An exchange visit to Laos
Posted Date: Tuesday, December 13, 2016 | Source:
In September 2016, WARECOD organized an exchange trip with the aim of creating an opportunity for upstream and downstream communities of the Mekong River to share their knowledge and experience of Thaibaan research, and to raise concerns regarding the river and food security in the Mekong. With great support from CLICK Laos, members of the Thaibaan group in the Mekong Delta of Vietnam had an opportunity to visit Thaibaan groups in the Champasak Province, south of Lao PDR. Here are some stories written by exchange visitors of the Thaibaan groups in Vietnam.

Ms Tran Thi Hoa:
On 11 Sep 2016, we had an exchange visit to Lao for learning and sharing with Thaibaan research team of Sa Hong village in Champasak province. The team started researching from the beginning of 2015. Research topics focus on water resources and livelihoods. The villagers mainly live on fishing in the Mekong River. Since Don Sahong hydropower dam started, people have faced more difficulties in their lives. Many families lost their houses, their land and their livelihoods. Women are no longer employed, except staying home and raising poultry in their gardens. Previously, women were employed for selecting fishes, but now there is no work for them. This village has over 70 households. They have large area of land but not many people. They lack of agricultural machinery tools. Their rice field are not flat. They plant rice crop one time/year. However, they use very little fertilizers and chemical substances. They also grow vegetables with no chemical spraying. The health of people is relatively good and no one is having cancer. In summary, after the trip, I have learned a lot and will share with other women in my village, especially about environmental protection and public health.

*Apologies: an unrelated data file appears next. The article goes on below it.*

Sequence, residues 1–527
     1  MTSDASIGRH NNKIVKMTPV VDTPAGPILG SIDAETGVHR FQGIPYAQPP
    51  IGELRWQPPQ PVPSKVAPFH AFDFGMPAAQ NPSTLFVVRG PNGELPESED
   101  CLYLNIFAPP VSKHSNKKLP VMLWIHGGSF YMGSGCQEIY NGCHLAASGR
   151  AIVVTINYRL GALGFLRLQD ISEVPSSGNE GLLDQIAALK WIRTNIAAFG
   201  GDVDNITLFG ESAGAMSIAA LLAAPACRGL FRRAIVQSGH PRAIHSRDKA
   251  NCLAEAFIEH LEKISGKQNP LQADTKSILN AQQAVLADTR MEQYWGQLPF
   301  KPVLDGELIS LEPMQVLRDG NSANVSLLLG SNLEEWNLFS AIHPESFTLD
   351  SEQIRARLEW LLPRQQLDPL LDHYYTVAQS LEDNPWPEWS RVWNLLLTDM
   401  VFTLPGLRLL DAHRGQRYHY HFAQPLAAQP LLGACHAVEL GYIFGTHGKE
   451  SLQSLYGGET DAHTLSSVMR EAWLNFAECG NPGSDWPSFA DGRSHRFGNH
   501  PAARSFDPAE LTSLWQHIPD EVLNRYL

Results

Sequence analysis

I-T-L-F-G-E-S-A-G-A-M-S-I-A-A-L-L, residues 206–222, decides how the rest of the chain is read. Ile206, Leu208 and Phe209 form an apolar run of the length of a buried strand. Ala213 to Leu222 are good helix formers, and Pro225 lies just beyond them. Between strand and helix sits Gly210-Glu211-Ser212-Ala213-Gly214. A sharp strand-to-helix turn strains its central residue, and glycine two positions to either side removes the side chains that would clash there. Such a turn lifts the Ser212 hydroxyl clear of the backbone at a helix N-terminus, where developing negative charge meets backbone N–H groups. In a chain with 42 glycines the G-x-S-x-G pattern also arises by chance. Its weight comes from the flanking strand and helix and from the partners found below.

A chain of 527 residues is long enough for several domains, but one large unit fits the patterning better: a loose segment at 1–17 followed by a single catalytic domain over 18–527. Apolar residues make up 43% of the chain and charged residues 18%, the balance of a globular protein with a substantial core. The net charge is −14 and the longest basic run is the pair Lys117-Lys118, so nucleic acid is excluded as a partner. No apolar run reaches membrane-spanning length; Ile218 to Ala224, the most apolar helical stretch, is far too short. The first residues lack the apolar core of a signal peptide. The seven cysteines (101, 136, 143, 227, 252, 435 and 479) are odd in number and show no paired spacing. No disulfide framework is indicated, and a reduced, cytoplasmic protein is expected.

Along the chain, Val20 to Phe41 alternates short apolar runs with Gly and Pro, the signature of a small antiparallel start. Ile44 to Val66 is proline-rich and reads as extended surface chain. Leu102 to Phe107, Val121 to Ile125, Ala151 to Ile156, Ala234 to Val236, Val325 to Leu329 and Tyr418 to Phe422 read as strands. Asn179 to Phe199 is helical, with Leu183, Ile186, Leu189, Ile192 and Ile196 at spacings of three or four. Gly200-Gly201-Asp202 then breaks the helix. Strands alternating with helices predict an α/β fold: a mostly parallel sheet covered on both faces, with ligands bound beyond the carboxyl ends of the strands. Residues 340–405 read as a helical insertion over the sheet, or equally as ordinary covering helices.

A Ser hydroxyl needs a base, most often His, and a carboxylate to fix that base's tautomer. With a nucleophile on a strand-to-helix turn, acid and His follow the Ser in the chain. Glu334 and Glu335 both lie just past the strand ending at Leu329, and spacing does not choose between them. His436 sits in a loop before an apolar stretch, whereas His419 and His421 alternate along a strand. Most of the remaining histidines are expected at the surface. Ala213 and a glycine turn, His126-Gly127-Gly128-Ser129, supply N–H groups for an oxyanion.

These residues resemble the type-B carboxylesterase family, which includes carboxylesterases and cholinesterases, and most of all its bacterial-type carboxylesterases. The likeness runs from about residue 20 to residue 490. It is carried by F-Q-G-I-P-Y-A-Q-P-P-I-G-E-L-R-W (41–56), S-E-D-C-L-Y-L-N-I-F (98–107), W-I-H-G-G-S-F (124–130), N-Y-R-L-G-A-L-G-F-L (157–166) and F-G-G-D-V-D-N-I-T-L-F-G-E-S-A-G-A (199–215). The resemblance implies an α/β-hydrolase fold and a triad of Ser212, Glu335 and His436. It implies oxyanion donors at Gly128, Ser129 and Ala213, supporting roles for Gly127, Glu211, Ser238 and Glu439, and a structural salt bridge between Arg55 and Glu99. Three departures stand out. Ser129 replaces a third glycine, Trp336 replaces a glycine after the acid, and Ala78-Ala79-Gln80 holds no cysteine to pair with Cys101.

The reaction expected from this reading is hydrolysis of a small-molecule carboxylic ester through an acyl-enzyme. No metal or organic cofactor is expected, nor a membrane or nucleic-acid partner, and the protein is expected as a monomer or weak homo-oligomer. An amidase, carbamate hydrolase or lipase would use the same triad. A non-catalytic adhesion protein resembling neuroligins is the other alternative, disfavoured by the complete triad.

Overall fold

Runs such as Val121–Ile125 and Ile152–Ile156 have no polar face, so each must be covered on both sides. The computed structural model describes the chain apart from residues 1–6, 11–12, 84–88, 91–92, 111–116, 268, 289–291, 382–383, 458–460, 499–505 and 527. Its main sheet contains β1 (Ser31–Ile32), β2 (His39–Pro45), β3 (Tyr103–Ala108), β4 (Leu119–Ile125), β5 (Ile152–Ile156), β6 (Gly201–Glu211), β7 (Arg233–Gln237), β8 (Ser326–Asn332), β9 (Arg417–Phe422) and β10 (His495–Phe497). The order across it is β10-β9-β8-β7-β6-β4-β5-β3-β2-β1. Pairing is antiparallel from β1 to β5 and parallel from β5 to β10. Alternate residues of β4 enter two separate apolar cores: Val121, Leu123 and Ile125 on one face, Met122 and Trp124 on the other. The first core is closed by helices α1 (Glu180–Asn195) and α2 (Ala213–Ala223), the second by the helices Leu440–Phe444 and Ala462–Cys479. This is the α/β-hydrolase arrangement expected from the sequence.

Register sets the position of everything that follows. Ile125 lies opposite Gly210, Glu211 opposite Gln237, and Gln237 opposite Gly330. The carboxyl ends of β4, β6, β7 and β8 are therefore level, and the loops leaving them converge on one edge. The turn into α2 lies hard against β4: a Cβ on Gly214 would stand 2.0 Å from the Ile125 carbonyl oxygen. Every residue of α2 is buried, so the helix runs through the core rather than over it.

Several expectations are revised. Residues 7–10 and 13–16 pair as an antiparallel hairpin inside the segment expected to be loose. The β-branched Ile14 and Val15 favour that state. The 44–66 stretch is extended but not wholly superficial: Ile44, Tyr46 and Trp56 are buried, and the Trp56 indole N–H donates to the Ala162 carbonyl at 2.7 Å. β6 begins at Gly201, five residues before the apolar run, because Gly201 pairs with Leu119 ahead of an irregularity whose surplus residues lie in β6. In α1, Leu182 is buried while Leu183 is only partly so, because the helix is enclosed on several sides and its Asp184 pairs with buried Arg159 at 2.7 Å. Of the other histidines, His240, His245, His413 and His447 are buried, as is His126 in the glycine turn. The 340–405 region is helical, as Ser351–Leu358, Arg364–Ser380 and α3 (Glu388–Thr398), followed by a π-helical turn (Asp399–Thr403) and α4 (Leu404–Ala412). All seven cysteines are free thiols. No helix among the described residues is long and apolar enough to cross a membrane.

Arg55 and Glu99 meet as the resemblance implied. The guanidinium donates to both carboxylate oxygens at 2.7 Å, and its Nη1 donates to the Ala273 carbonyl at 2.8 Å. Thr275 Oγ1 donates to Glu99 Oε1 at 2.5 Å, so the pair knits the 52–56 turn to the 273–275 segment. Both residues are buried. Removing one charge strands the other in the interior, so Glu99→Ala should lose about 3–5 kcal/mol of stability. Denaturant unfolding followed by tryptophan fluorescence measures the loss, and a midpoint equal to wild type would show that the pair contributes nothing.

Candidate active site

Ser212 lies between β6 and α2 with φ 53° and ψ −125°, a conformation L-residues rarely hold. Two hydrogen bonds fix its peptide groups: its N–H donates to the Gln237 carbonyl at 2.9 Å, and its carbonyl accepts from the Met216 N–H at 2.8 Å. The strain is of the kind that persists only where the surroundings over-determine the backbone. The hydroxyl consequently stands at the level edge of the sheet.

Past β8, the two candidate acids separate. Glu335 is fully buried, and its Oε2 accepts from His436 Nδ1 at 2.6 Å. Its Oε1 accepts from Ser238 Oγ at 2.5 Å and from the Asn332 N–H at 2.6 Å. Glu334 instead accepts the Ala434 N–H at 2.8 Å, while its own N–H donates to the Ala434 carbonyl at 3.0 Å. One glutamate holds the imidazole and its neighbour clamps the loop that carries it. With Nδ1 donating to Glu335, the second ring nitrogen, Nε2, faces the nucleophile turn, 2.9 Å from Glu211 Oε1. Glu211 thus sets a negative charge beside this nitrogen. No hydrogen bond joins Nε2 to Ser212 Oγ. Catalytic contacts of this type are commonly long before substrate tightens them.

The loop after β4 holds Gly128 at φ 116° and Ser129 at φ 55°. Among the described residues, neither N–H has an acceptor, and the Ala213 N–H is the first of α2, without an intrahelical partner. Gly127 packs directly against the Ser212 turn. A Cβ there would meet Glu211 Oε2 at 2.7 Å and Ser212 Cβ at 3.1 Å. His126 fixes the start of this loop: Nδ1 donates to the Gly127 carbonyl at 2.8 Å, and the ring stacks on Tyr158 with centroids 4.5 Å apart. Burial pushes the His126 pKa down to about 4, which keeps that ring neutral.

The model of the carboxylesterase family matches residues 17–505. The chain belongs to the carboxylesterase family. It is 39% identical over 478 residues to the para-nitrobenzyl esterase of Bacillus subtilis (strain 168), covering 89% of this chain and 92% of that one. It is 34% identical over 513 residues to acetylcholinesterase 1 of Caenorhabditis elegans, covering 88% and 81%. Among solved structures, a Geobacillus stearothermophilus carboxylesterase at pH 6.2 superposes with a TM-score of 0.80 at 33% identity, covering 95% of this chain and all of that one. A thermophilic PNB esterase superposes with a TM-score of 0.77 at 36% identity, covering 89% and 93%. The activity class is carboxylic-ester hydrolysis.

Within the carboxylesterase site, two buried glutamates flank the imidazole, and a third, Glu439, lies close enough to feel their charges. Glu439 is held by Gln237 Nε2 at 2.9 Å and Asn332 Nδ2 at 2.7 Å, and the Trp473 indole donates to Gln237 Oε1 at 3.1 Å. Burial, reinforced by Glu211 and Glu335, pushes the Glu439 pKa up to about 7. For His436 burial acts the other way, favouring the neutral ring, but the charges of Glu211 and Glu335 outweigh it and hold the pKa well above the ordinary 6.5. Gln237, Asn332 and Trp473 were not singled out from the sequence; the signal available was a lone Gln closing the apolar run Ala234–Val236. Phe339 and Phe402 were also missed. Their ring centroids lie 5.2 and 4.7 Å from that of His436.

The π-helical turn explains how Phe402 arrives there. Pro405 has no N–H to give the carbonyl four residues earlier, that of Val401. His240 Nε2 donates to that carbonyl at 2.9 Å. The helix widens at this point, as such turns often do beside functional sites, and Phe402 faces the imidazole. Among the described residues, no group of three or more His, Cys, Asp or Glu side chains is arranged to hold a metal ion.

Mr. Le Hoang Quan: The exchange visit to Laos is a meaningful trip. I learned many useful things about the livelihoods of the ethnic minority people of Sa Hong village in Laos. The Sa Hong village leader said the village had only 70 households with more than 200 people. Livelihoods of the local people mainly depend on rice cultivation, poultry raising and fishing in the Mekong river. The village leader was so worried that Don Sahong hydropower dams would affect fishery resources. Local villagers would probably encounter more difficulties to maintain their livelihoods. In my opinion, Laotian government should have a policy to provide agricultural machineries and invest in irrigation to help local people so they will be able to grow double rice crops per year and support economic development. In addition, local people need to receive support in fishing tools and should be encouraged to grow more fruit trees because they still have a large area of idle land left.